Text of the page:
Let me say very clearly:  I do not believe that any illness or terrible thing that happens to any of us is, itself, a blessing.  There are times in our lives when everything shatters and we are surrounded by darkness.  It is during these times, when we/if we somehow manage to find within us the divine strength to persevere, to crawl towards the light, to  pick up the pieces, that we slowly begin to have faith in something much bigger than our own suffering.    And it is when we grab on to this faith and allow it to lead us into the warm, radiant light that only comes after the darkest of darknesses that we understand the blessings of life.

So, to clarify:  The moment life shatters, the reason it shatters, and the feelings of total despair that immediately follow the shattering – these are NOT blessings.  They can, however, be the “birth pangs” of incredible blessings if we find within ourselves the Godly strength to wrestle with them, much like Jacob did with the angel in the middle of the night, until the dawn of a new day.

To my questioner I say thank you.  And I hope others will join the discussion here on BlogShalom.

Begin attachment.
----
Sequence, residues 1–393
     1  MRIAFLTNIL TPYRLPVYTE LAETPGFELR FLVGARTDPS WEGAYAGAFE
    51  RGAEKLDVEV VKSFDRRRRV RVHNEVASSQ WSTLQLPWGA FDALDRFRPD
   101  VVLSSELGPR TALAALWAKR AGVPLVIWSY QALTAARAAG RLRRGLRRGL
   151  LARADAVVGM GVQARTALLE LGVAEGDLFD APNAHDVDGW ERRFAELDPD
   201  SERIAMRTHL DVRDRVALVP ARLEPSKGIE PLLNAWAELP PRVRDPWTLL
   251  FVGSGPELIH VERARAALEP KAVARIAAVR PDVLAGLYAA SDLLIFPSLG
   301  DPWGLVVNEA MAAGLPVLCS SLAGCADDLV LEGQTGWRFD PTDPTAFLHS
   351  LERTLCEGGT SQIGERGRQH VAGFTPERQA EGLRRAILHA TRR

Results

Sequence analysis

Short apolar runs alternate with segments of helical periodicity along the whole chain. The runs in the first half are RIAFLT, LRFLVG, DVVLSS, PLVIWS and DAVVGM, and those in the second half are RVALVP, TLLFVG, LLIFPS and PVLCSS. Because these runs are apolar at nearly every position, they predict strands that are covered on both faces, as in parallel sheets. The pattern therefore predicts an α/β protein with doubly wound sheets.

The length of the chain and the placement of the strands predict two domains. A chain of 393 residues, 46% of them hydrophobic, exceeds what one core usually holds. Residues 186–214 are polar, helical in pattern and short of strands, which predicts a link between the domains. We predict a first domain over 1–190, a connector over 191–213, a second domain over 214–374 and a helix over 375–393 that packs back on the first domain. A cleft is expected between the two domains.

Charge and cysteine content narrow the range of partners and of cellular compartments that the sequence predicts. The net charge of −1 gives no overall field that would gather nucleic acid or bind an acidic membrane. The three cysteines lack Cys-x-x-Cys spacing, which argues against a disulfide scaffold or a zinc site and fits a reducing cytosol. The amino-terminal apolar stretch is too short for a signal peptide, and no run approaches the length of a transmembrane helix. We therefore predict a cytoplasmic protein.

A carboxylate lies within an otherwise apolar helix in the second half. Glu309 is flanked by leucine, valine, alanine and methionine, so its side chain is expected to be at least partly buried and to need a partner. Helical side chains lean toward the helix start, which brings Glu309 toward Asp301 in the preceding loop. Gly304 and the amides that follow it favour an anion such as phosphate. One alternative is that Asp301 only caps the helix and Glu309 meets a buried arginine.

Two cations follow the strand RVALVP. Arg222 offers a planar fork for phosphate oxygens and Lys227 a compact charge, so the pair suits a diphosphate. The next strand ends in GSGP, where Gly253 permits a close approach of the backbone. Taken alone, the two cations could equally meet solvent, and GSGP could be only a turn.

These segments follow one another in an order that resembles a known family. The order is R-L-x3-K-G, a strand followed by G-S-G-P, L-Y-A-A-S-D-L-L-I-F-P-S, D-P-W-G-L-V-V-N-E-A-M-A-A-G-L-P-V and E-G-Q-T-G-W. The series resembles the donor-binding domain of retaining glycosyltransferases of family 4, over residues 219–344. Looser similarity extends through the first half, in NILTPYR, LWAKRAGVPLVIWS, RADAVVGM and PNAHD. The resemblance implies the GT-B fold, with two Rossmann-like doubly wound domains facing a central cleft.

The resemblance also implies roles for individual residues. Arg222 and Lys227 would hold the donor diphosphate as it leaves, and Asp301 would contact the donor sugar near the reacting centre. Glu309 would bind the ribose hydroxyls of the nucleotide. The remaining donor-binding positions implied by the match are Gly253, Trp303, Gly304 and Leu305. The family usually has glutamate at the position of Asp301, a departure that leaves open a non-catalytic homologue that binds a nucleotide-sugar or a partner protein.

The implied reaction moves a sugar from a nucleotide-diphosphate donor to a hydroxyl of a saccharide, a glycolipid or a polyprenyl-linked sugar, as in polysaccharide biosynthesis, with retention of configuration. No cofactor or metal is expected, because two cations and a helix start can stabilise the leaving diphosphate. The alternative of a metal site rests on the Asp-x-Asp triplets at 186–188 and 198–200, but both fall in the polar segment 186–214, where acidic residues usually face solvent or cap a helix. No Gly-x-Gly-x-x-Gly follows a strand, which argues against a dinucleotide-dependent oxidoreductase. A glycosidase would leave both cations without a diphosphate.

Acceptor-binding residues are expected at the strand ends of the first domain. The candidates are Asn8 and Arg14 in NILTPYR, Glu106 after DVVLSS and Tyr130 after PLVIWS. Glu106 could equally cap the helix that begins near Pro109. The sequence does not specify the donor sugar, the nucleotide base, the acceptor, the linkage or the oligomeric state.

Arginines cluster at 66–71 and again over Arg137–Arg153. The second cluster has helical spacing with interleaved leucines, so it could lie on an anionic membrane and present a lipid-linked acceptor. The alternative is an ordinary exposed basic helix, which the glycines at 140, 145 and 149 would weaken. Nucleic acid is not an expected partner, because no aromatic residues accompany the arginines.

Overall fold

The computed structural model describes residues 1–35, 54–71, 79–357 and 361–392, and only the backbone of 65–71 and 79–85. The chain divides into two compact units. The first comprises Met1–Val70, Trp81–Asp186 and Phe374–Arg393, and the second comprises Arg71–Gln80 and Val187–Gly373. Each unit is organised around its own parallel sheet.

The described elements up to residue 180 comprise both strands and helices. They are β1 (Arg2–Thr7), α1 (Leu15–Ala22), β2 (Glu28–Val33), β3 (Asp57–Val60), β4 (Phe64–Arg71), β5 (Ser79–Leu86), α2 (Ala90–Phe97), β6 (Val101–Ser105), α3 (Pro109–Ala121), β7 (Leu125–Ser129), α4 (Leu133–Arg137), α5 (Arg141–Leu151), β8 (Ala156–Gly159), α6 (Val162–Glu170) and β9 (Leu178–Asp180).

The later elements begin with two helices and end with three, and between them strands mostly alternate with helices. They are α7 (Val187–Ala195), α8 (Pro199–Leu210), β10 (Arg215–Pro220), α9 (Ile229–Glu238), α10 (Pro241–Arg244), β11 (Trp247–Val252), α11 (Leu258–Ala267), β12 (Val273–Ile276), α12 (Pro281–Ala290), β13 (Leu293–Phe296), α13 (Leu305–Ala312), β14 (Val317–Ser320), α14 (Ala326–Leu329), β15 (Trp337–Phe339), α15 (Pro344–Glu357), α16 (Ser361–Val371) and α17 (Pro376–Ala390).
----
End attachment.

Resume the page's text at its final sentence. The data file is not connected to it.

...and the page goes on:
Blessings Lie Beyond The Darkness, Part 1

Blessings Lie Beyond The Darkness, Part 2

Giving and the “It” Factor

As a synagogue community, we have given countless dollars to Haiti. Some of us, like our own Dr. Steven Swirsky have even traveled to Haiti to help. Many of us (myself included!) have signed up for the I CARE I CURE Run/Walk and will do our part to find gentler treatments and cures for childhood cancers. Ramat Shalom’s Relay for Life Team is growing and funds are being raised to support the American Cancer Society. Through all of our efforts just this week alone we clearly understand how precious money can be.

As I have watched our community step up to the plate for such important causes, I noticed that other fundraising campaigns that are going on in our community, campaigns for causes that might not seem as “powerful” as the ones we have been dealing with, are not attracting as much attention. A good friend of mine is putting together a fundraiser for a local food pantry/homeless shelter. The number of hungry and homeless adults and children that they help right here in our own neighborhood is staggering. Yet most of us are unaware or choose not to pay much attention to the suffering of our own neighbors.